Has my ADHD been taken for granted?

Attention Deficit Hyperactivity Disorder, where does it come from? From looking at many research studies, psychologists can only say that it may be passed down genetically and that if a parent were to have it, the child is likely to as well. Is it solely based on our genes, or is it something else entirely; possibly something to do with our environment and its chemical make-up or our environment in the sense of nature versus nurture? As we strive in today’s world to find out these answers, the stigma surrounding ADHD has never wavered. In fact, I believe it has increased, especially when it comes medication.

When looking at how ADHD may affect one’s life, I think many fail to realize that it is not just school that we struggle with. Yes, I said we because I am one of those whose environment and/or genes decided to take on ADHD and run with it. It seems as though many people view ADHD as a “strictly school setting” disorder; it only affects us when we read in school, it only affects us when we take algebra and it only affects us during examinations and writing papers. I do not think I have ever witnessed a disorder be viewed in such a way other than ADHD and here’s where this thought comes from. Adderall, Ritalin and Concerta are the names of some fairly popular ADHD medications; these have more recently been found in the hands of many high school and college students in the last decade. As a person with this specific disorder it may come as a shock to you but I absolutely despise when people who are undiagnosed and “normal” buy these medications because they want an edge when taking a test or the extreme focus that it may bring when studying.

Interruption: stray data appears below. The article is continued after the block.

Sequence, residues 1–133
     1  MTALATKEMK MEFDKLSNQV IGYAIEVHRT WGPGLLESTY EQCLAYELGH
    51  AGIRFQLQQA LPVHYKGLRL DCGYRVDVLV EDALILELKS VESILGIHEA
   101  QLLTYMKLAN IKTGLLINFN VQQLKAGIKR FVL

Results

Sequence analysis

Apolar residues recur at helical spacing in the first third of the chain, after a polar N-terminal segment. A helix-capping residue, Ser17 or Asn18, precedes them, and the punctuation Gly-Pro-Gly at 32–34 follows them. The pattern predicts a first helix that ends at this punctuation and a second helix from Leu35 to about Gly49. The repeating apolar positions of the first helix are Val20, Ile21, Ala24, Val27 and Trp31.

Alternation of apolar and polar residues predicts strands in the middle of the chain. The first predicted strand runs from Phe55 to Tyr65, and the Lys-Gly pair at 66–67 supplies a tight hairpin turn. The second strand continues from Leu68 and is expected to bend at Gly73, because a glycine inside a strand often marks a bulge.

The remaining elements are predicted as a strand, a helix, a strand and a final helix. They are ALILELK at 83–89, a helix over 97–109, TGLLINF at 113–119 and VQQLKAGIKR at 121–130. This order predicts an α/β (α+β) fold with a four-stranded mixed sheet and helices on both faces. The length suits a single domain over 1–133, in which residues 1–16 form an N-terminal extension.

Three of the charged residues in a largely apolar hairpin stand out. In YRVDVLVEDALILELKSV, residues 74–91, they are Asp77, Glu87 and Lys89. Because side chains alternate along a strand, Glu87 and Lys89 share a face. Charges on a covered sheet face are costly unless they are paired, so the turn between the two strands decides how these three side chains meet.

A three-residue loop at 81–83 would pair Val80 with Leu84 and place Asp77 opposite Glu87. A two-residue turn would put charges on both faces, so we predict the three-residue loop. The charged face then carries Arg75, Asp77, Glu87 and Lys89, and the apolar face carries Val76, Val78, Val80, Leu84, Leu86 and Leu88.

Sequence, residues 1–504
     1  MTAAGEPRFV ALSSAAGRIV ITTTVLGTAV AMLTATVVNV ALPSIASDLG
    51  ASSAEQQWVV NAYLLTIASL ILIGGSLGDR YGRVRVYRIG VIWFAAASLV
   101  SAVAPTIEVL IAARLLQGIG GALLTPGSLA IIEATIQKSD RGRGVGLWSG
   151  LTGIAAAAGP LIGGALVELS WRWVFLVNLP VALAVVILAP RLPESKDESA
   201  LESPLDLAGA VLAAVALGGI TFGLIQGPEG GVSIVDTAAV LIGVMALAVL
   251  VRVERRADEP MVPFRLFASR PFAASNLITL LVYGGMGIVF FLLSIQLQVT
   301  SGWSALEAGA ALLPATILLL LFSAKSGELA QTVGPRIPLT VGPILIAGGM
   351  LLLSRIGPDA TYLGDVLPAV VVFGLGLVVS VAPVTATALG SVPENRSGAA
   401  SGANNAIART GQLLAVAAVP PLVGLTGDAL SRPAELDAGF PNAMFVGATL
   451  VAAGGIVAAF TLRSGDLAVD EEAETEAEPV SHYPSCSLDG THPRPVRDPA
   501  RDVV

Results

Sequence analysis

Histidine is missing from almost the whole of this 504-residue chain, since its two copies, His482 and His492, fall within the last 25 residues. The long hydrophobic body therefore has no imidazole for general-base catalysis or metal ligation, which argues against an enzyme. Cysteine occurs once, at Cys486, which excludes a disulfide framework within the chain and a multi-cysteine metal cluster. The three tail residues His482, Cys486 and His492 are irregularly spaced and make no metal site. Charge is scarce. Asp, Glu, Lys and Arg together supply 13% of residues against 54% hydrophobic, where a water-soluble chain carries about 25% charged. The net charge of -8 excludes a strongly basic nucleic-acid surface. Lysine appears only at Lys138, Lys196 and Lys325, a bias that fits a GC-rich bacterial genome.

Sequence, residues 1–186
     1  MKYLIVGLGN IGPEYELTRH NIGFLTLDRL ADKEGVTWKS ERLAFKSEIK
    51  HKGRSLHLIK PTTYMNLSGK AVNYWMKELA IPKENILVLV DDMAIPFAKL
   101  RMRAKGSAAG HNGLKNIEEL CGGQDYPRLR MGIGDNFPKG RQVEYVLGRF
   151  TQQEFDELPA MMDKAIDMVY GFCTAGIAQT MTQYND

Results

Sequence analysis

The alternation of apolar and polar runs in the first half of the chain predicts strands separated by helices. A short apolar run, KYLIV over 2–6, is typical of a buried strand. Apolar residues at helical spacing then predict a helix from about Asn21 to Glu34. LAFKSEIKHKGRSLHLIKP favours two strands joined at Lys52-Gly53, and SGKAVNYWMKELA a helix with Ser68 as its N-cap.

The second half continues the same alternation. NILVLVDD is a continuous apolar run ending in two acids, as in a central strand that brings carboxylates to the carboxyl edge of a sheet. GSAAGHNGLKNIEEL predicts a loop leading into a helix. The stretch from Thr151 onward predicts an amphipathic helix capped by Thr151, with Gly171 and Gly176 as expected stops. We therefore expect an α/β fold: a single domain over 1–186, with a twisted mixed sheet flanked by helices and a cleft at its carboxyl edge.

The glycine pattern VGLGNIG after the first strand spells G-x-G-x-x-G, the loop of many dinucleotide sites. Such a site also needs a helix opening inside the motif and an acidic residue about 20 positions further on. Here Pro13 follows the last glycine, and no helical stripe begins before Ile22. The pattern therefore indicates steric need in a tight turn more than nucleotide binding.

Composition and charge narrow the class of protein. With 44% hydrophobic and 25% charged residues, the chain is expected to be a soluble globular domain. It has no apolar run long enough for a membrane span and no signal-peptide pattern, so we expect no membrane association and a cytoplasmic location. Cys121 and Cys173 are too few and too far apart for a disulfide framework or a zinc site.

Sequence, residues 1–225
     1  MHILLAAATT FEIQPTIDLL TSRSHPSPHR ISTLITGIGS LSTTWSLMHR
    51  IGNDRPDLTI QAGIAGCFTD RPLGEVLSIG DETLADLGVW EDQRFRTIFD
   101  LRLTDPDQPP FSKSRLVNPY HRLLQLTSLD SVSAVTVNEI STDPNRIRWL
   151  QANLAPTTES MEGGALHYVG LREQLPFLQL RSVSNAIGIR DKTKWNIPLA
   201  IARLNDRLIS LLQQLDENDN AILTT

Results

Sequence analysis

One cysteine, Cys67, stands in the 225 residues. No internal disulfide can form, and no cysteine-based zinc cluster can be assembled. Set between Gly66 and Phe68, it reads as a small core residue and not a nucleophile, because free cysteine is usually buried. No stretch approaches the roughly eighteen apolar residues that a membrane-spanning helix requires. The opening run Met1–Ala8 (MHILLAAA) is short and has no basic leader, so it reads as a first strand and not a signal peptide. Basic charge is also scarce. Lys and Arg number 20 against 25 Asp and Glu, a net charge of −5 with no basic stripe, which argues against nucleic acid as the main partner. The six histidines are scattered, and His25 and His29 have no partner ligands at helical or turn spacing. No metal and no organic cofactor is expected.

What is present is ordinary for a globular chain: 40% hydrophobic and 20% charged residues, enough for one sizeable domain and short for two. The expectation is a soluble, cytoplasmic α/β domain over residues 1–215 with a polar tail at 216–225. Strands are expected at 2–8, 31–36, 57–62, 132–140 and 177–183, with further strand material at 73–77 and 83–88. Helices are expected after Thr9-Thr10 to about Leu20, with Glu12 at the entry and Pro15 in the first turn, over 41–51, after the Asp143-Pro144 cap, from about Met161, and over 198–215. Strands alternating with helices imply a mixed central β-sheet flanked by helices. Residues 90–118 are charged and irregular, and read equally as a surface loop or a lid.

Due to the rising prevalence of this disorder, the ease of access to ADHD medication has become easier than ever before. Where Adderall is meant to help those struggling come to even footing with those who are not, it feels like ADHD has been undermined as a clinical condition and that the stigma surrounding us will forever be paired with this disorder. Adults and adolescents who have been diagnosed at a young age may even self-stigmatize themselves due to the fact that they do not have enough knowledge behind why they are the way they are and no paths that lead to help. I understand this paper was meant to be written about one instance of experienced stigma, but there is a whole population perpetuating the stigma and stereotypes of ADHD that has yet to be confronted. As someone who has been in school for almost all of their life I feel like I have been called every name in the book; slow, unfocused, stupid, troublemaker and my favorite one being about my potential. “She would have so much potential if it weren’t for the disorder thing holding her back” or “Wow, imagine if she didn’t have ADHD, she could be light years ahead in school.” These hurtful sayings and assumptions begin to affect you when there is no support group and someone to relate too.